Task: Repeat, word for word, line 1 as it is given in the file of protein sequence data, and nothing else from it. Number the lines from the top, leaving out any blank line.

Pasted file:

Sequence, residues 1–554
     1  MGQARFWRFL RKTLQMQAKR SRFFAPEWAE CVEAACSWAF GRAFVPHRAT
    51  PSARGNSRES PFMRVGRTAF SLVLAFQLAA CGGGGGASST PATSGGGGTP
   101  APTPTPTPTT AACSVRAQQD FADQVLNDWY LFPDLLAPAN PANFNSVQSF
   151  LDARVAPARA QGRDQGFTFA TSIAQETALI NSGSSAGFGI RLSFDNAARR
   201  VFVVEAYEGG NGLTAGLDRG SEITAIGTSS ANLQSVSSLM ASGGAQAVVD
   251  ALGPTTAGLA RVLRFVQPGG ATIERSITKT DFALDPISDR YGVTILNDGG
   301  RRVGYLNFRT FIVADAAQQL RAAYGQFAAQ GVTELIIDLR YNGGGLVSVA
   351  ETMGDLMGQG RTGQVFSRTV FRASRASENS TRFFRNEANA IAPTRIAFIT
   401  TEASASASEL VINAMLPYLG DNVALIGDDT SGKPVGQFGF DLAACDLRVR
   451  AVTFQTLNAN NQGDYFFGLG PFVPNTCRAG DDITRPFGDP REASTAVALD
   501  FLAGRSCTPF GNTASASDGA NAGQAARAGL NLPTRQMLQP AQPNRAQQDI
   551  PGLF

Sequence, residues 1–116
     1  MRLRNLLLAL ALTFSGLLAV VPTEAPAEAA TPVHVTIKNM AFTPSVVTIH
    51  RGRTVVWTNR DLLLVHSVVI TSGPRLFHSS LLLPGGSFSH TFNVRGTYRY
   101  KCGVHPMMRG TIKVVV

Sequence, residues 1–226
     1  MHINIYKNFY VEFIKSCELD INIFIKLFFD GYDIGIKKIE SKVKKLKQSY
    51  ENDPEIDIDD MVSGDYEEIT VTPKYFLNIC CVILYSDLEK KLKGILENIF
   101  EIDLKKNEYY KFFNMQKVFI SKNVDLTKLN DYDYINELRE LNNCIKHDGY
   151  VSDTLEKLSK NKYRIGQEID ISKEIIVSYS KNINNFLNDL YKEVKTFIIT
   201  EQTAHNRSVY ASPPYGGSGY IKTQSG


Sequence, residues 1–554